“Our goal is to try to do as many of the things we’re good at under one contract. It gives us more control over costs. It gives us more flexibility … it gives us more work on that job, as contracts are a little bigger,” Perry said. “We’re able to do more work with less — that’s why we want our jobs to be bigger. We want to do a bigger scope of work.”
Drywall — a staple in modern homes and buildings in the U.S., also referred to as wallboard or plasterboard — is made of two paper boards with gypsum, a gray or white soft sulfate mineral, in the middle.
The prototype for the invention was patented by Augustine Sackett in 1894, according to the National Inventors Hall of Fame. However, it wasn’t widely accepted as a building material until the 1940s.
Taking the art of drywall a step further in customization, PDC uses a unique method to mill a perfect corner, called ‘origami.’ Much like the Japanese art of folding objects out of paper, PDC’s approach enables its employees to shape a piece of drywall to fit a space more efficiently at the Springfield shop beforehand. Instead of using three separate pieces of drywall to make a column, they can use one piece of drywall, fold it, and glue it together in the desired angle, then install it in one piece.
By using this method, Perry explained, the drywall is not only a durable solution, but it is also a more efficient one, as the profiles are pre-fabricated in the shop. “It makes our lives in the field less complicated. It’s efficiency in the field.”
And, as with most contractors, time and scheduling are of the utmost importance.
About a decade ago, the annual drop in temperature also meant a drop in projects. But for the past five years, PDC hasn’t really slowed with the changing of the seasons, Perry said. “It doesn’t ever stop.”
In the months leading up to COVID-19, the company secured a number of jobs, which helped carry it through what were some trying times for other organizations. Despite the uncertainty, Shaink said the company’s workload never really slowed down.
Fortunately, even as businesses across all sectors, especially in the construction realm, have battled persistent workforce shortages, labor has not been much of an issue at PDC, as the company continues to fluctuate between 280 and 300 employees.
The main obstacle during the pandemic — and it’s still an issue — is supply-chain issues for materials. The variety of metal studs the company uses for projects has traditionally been available within a week or two. But in the post-pandemic world, those same metal studs are taking up to eight weeks to arrive. That delay impacts the schedule, which in turn impacts the company’s ability to forecast as accurately as it would like.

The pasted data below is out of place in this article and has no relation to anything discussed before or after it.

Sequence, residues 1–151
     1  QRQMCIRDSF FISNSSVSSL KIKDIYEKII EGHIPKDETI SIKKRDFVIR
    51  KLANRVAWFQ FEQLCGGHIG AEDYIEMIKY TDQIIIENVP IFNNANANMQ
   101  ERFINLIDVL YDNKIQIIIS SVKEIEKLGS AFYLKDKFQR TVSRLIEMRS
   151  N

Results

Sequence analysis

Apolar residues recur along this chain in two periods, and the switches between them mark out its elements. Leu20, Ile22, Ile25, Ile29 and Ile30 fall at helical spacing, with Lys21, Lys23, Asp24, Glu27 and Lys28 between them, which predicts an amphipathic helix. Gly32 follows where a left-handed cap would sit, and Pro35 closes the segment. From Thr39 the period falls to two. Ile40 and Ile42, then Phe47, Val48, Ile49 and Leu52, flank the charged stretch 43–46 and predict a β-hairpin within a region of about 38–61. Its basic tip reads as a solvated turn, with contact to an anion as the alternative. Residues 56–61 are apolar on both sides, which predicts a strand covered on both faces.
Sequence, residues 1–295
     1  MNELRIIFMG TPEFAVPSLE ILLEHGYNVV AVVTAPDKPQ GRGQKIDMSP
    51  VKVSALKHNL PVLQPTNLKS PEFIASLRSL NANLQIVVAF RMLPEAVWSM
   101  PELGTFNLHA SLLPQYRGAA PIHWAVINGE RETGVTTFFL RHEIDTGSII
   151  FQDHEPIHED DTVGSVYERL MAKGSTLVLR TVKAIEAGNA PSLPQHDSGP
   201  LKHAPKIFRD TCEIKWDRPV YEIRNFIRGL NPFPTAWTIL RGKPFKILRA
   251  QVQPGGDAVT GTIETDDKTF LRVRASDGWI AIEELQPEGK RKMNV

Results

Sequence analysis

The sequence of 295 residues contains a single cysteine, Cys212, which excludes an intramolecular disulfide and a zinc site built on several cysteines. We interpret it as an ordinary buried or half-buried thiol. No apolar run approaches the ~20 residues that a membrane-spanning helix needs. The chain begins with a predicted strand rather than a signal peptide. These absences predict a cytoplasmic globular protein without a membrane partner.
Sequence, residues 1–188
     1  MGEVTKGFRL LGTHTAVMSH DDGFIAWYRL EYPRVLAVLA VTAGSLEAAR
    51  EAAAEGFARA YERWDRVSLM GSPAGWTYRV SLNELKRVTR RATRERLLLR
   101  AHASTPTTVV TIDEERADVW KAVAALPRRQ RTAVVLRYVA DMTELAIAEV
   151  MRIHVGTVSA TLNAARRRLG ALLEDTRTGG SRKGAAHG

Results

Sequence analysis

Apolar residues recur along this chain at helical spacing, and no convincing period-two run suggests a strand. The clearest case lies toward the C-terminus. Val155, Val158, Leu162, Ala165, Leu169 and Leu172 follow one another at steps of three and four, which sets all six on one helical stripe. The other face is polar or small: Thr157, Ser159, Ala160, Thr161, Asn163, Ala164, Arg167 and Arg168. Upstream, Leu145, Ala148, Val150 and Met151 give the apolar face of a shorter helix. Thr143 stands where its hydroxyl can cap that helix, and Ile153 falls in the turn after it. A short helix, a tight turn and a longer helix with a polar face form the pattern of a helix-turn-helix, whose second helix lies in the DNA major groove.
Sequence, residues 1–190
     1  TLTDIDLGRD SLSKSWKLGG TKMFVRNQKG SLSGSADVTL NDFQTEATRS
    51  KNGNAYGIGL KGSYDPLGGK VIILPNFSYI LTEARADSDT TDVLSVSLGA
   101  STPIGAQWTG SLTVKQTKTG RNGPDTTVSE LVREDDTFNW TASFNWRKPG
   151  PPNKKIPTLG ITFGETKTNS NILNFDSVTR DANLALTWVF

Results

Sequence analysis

“When that lead time is eight weeks and you’re buying material that’s eight weeks away, and it comes, and it turns out you don’t have enough — that’s eight more weeks,” Perry said. “And guys standing around is what costs us the most amount of money.”
One of the hardest-to-get products has been insulation. At one point, insulation, which was typically available within a few weeks, took up to nine months to arrive. In an effort to overcome such delays, Perry said PDC purchased multiple truckloads of insulation in advance and then had to find a place to store it all, hoping the job would still come to fruition.
“It’s complicated to forecast,” he said. “It’s a risk of where to put so much money.”
As for future projects, PDC has been awarded the construction of the new Holyoke Veterans Home. The 350,000-square-foot facility will include a chapel, outdoor gardens, and a pavilion for physical and occupational therapy, as well as outdoor events.
PDC will be tackling the interior and exterior framing, installation of medical headwall systems, drywall installation, and finishing. Once completed, the $483 million project will house 234 long-term-care beds for the medically vulnerable veteran population. Work is slated to begin in the fall of 2024.
In the meantime, both Shaink and Perry still have their sights set on growth, and they’re not getting hung up on a particular volume of work, but rather focusing on sustainability.
“We want to grow the business to be as big as we can and as profitable as we can,” Perry said. “I’d rather do a little bit less work, and make the margins that we need to be sustainable, than to try to take on additional risk and maybe not make as much money. We’re finding that balance between growth and profit.”